Can a box raise emotions and lead to the purchase of a product? The answer is yes, especially if consumers’ perception is of a pack that is easy to recycle and with a low environmental impact, exactly as happens with paper and cardboard. This is the topic of the 6th Convention of the Comieco Paper and Cardboard Club, which was held last winter in Milan. The Convention focussed on neuromarketing, i.e. a new branch of applied psychology that analyses the impact of marketing and advertising on consumers’ minds.
The topic is fascinating. Everything that concerns our brain is fascinating, and today we definitely have better knowledge of the way in which we are made. The focus is on relatively recent research, says Vincenzo Russo, who is professor of consumer psychology and neuromarketing at the International University of Languages and Media Iulm in Milano and Scientific Director of the Research Centre on Neuromarketing Behaviour and Brain Lab IULM: only in the 1960s was it namely possible to identify the areas in the brain that are related to emotions and the areas related to other reactions. If one looks at the motivations that justifying the awarding of the latest Nobel prizes for Medicine, two reasons stand out: the discovery of a substance to treat or prevent a disease and brain functioning. And today modern technologies have made it possible to measure what is happening in the brain of consumers, for example when they react to ads. Communication and marketing experts have always had great difficulties in measuring the effectiveness of communication. At the end of 1800, the US politician John Wanamaker (1838 – 1922) stated that «Half of the investments in advertising are wasted: the problem is that I do not know what half it is». This means that we are forced to invest in publicity, but we do not know the effects.
Reliability of market research
In 1963 one of the biggest advertisers of last century, i.e. David Ogilvy, made a very perceptive statement, which according to Russo reads approximately as follows: the real problem of market research is that people do not think what they feel, do not say what they think and do not do what they say. «People do not think what they feel» means that there is a part of their brain that is activated unconsciously; «people do not say what they think» means that, if that part is unconscious, the individual cannot say what s/he thinks, and furthermore each individual tells her-/himself a little bit as s/he wants; «people do not do what they say» means that it is emotions, rather than rationality, that lead to purchase. Against this background one can easily understand the gap between the data collected and actual behaviour, but if emotions can be measured, then there are some more variables enabling to understand how to guide people’s behaviours.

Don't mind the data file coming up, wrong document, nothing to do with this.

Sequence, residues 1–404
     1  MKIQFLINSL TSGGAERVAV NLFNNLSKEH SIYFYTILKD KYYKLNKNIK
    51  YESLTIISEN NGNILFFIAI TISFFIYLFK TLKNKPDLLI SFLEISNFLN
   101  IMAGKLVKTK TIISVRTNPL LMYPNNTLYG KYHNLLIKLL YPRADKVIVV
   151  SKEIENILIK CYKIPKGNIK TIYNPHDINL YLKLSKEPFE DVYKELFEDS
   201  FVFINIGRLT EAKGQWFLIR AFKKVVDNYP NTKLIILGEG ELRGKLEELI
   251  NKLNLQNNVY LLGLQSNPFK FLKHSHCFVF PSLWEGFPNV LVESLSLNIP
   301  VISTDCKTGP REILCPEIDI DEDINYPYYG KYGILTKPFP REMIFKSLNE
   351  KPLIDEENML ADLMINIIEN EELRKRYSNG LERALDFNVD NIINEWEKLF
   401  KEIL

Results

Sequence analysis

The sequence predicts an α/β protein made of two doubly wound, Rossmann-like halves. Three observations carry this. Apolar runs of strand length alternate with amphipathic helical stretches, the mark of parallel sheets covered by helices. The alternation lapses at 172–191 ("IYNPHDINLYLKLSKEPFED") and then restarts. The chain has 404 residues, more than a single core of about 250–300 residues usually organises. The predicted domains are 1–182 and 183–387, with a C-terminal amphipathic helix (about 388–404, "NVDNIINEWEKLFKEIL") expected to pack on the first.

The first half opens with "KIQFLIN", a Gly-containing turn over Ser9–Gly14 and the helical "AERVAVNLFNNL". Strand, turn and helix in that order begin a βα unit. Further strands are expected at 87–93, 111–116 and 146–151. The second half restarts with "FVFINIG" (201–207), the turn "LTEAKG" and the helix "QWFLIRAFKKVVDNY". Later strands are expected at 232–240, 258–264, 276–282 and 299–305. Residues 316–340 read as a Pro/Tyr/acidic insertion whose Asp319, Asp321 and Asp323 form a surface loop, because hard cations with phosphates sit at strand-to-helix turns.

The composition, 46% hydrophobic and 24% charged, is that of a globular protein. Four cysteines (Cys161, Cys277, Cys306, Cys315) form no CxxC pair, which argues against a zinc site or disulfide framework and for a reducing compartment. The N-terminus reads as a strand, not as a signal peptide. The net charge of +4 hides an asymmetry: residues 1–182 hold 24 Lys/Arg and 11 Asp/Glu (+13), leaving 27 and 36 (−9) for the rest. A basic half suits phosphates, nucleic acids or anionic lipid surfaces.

Between rationality and emotions
A very interesting piece of data indicates that 80% of market products are bound to fail. Hence, there are products that have been harshly criticized and then unexpectedly sold very well, and other products that seemed to be perfect and yet were not successful. After years and decades in which studies based on the importance of rationality have prevailed, today we know that the most adequate model to understand purchasing behaviours (and the real essence of mankind) consists in acknowledging that emotions do not play a secondary role, but rather a decisive one. Thanks brain activity visualization techniques based on Functional Magnetic Resonance Imaging fMRI or electroencephalography (EEG), it is now possible to understand what really happens at a neurocognitive level in response to certain emotional stimuli, often provided with promotional or advertising aims, in order to determine the level of efficacy of the communication concerned.
Gastrophysics: The new science
According to Russo, studies on gastrophysics have shown how colours, shapes and sounds change taste perceptions or, rather, help perceive certain tastes and not others. A very strong correlation is, for example, known to exist between certain colours and tastes: white with salty, pink and red with sweet, green and yellow with sour, brown,black and violet with bitter. And it is known that, if we give a drink a more intense colour, the fragrance of that same drink will be perceived as more fruity. As with colours, one can equally play with labels: if a product is slightly salty and the indication «salty» is shown on the packaging, that product is likely to be perceived as more salty compared to an equally salty product, which, however, does not have the same writing on its label. Similarly, a chocolate mousse served on a white plate will be perceived as sweeter than the same mousse served on a black plate; or a cheese served with a knife is perceived as more salty than a cheese served with a dessert spoon. Finally, a bag of chips that is difficult to open is perceived to contain fresher chips than a bag that is easier to open.
The role of music and scent